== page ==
Sarcasm detector


When asked about social media - can it be measured, and if so, what can be done with it? - Richard Jacobs, Head of Commercial Strategy at Real and Smooth Radio, argued that yes, it can to some extent; largely helping programme makers to tweak shows live and responding to audience views as they happen. This, he says, is hugely useful for Radio - allowing listeners to open a two-way channel with broadcasters.

However, he did urge some caution and argued that we're not, on the whole, great at measuring social media.

Andrew Bradford agrees. "There is a very clear, linear correlation between Twitter buzz and TV ratings," he added. "But working out what people are thinking is harder, and we're not there yet."

Justin Sampson, chief executive, BARB, told the audience that peak-time TV was driving around 40% of tweets - but if you drill down to the numbers of the full TV audience the numbers are tiny: for instance, only 0.7% of the entire X-Factor audience was using Twitter whilst watching the programme - so it's certainly got some way to go.

More importantly, Sampson added, "can it detect sarcasm?"

In short, no it can't.

"It's about what these comments mean - and that is very, very hard to measure."

Death to cluster groups

Changing the subject to look at 'genuine research' versus 'PR-led research' - designed solely to grab headlines - there was some honesty from Real and Smooth's Jacobs.

"Hands up," he said with a laugh, "We're a business and we use research for headlines."

But, asked Torin Douglas, is there a danger of it dumbing research down?

"Yes. Absolutely." Which is why it must be done properly, Jacobs says.

Bradford agrees and says this type of research can be safe and valuable if done right. "It is fine to make research useful for editorial and marketing purposes; and research should always have intrinsic, internal value," he says.


But Marks offered more caution. "If someone says they want research to show them something - will they pay the bill if doesn't tell them what they want it to?"

Someone then suggested that all cluster groups should then be banned and the entire room shuffled and laughed in agreement.

Lynne Robinson could only offer further caution, conceding that it was a commercial world and that people should check who is supplying data. "If you, as an advertiser or a brand, are given research that says only nice things, then you should be very weary of it," she said.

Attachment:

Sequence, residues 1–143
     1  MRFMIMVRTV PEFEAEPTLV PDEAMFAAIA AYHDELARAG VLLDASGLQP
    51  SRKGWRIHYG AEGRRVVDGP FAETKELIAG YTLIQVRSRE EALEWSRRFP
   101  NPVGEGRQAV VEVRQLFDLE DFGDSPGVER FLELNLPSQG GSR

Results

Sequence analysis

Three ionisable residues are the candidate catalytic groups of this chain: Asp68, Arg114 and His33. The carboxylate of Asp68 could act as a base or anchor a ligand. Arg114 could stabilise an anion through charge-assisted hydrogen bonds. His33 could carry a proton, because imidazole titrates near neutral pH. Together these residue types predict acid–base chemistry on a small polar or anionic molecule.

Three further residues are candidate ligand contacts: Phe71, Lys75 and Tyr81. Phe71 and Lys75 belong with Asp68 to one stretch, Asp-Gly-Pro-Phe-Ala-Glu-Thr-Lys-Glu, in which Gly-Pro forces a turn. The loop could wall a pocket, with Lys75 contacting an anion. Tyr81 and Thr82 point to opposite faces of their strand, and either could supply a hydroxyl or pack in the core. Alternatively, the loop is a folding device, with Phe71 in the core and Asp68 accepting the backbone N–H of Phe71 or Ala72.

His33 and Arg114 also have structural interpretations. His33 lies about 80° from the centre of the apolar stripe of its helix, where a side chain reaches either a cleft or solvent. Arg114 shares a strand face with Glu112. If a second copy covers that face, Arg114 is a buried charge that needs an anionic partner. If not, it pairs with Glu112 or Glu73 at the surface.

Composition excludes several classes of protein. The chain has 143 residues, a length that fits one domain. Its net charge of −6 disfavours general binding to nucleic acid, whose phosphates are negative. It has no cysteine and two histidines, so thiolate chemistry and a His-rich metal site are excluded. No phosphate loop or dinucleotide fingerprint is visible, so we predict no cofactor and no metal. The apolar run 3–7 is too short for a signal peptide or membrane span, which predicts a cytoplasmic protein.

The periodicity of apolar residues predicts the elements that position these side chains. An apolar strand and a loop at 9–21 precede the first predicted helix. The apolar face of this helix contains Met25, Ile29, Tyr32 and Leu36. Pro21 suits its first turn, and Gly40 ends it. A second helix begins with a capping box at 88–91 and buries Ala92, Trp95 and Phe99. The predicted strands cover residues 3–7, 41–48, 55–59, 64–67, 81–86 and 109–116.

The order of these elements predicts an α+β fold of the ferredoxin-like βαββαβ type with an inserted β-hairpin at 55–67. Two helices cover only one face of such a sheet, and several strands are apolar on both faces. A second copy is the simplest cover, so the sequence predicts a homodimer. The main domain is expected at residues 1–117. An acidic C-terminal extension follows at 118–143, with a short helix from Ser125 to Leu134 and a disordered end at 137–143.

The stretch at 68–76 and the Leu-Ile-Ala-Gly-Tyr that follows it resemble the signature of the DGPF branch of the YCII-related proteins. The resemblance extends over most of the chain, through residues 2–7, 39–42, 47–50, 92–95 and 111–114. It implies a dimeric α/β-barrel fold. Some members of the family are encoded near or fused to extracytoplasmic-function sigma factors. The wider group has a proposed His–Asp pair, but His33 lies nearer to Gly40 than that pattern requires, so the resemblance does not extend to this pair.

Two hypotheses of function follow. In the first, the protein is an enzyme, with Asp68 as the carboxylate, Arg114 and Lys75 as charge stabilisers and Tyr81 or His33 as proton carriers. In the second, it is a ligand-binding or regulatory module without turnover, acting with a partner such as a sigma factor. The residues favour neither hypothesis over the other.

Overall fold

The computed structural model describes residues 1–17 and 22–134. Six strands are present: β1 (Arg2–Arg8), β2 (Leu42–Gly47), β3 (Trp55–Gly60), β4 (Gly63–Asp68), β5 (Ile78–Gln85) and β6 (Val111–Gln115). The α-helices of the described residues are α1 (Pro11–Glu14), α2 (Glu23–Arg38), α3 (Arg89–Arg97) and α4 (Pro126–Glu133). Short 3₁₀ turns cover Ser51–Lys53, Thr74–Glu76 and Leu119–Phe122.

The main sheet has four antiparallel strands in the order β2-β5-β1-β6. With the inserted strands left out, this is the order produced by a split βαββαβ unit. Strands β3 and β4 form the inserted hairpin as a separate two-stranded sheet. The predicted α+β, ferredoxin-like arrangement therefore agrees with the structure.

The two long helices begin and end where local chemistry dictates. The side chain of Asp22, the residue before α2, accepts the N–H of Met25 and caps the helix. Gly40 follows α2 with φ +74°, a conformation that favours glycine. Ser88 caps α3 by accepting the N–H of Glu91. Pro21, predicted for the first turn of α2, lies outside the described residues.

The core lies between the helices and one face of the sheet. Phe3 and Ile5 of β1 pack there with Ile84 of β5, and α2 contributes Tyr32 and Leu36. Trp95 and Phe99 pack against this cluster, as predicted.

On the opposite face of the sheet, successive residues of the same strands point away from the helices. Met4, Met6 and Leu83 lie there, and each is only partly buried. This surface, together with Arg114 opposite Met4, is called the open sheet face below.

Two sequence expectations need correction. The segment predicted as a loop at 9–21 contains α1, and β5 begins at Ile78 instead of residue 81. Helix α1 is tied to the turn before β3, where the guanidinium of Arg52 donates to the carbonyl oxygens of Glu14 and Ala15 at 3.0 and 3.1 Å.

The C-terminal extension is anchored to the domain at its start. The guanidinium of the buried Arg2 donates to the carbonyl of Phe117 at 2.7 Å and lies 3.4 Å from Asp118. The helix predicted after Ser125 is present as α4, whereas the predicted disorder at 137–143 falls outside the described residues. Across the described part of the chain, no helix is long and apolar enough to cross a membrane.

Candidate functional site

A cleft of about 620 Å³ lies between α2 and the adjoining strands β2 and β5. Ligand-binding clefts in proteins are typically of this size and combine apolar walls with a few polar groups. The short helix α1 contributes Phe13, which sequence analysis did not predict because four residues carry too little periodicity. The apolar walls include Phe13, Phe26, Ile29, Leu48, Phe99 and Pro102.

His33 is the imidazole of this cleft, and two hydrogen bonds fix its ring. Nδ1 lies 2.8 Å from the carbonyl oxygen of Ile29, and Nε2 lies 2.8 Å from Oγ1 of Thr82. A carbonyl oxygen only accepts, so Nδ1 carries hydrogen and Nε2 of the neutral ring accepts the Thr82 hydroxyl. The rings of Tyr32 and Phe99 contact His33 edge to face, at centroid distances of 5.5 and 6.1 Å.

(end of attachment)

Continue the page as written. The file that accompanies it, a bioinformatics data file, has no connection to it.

Jacobs ended the conversation with an anecdote to neatly sum this up: when a colleague once presented some research to an automotive client, the client was thrilled with the results...but a terrible mistake had been made and the data was actually for the pharmaceutical industry.

Realising the error, the researcher called to apologise and tell the client that data was worthless to them. But the automotive client stuck with it...and only because they liked what it said.

Fusing data


Ending the session on a much more positive note, the panel looked at NRS PADD - the fusion of NRS print data and UKOM (Nielsen) digital data - that gives a much more sophisticated and broader picture of newsbrand readership.

"It's been interesting to see what you can and can't do to fuse different data sets," said Robinson, "and I think it's been very well received. There is good agency feedback and although publishers are split, they are getting used to it."

It is good news though - NRS has been around for 55 years, whereas NRS PADD has been around for less than 6 months. If the initial reception from the research community is this strong, then with future iterations the data should have a long, useful and healthy life merging the print and digital worlds.

To find out about future MediaTel events, please visit our website.

To see photos from this event, click here.